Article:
The retail industry is constantly evolving to meet the ever-changing needs of consumers. This transformation is influenced by e-commerce, social networking and the latest technologies. Today’s shoppers expect a connected and interactive consumer experience from start to finish. According to a report by the National Retail Federation, it is a projected that retail sales (this includes automobiles, gas stations, and restaurants) will grow at around 3.1% this year – that is higher than the 10-year average of 2.7%.

As the size of the retail industry continues to grow, so does the pressure of retailers to satisfy the expectations of consumers. Retailers are expected to provide a seamless consumer journey across multiple channels as well as personalized offers based on consumer location and shopping habits. According to a recent survey by Accenture, 74% of surveyed retailers were ranked at or below “underdeveloped” to deliver a seamless customer experience. The survey further showed that 72.5% of retailers described having underdeveloped or absent capabilities in making the end-to-end shopping experience across different channels.

There are three major areas for retailers to address:

  1. Innovation: As the competitive landscape is constantly evolving, innovation is needed to keep pace.

  2. Agility: Agility is a key factor for differentiation as it enables rapid development and deployment of new solutions.

  3. New Technology: To stay ahead in the retail game, investing in new technologies and capabilities will be required.

Enter Cloud Computing…

Cloud computing is a very effective solution for retailers to build capabilities quick enough to attract consumers; it allows for them to adapt their offerings to meet the expectations of today’s digitally connected consumers throughout their shopping experience. In addition, retailers will start to recognize cloud computing as a cost effective technique that can enable rapid adoption of the latest solutions. There are those in the retail industry that are starting to recognize the potential of cloud technology and are utilizing it to their advantage.

The benefits of cloud computing for retail are numerous, to include:

  • Flexibility to scale up and down when required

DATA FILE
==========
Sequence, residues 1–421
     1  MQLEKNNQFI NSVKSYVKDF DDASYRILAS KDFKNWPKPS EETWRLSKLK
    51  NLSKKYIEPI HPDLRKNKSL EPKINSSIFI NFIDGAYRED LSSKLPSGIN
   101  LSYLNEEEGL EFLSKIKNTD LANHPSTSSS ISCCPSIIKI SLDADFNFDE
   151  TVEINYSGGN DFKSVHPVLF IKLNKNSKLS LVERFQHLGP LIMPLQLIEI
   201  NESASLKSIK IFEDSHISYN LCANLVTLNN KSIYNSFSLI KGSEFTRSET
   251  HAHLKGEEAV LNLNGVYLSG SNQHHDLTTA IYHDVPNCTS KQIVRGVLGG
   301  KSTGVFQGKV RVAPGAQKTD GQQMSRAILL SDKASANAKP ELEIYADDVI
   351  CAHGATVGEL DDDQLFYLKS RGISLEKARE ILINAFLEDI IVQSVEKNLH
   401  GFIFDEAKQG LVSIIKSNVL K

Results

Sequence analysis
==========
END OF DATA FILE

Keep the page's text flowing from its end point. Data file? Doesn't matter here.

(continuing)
• Cost-effective streamlined operations
  • Real-time reporting
  • Quicker speed to market

Below are a few areas where cloud computing is influencing the retail industry:-

Marketing and Merchandising

One challenge for many retailers is the ability to sort through mountains of data, both internal and external, looking for insights and patterns to help them make merchandising decisions. Cloud technology can help in personalizing the in-store experience by analyzing digital data to fully understand their consumers. For example, there are mobile apps that can detect when a user steps in a store, sending them relevant promotions and coupons. There are also cloud-based social tools which give consumers the power to shop whenever and wherever they want.

Retail-as-a-Service (RaaS)

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(Image Source: Shutterstock)

At present, many stores have fragmented legacy systems (i.e. inventory, reporting, shipping) that are used to run their operations. However, this means that data in each of these systems are stored in different formats. With cloud, retail-as-a-service (RaaS) is a possible solution as it brings multiple operational processes into a single cloud platform. With RaaS, both hardware and software updates can be handled by cloud service providers. The number of retailers adopting RaaS will surely increase in the near future.

Point of Sale (PoS)

Tablets and smartphones are now serving as POS systems, handling inventory, payments, and location information. These POS systems are eventually transitioning to the cloud. According to Accenture, Nordstorms was an early adopter of mobile POS systems, having implemented these systems in all of its stores by mid-2012.

Supply Chain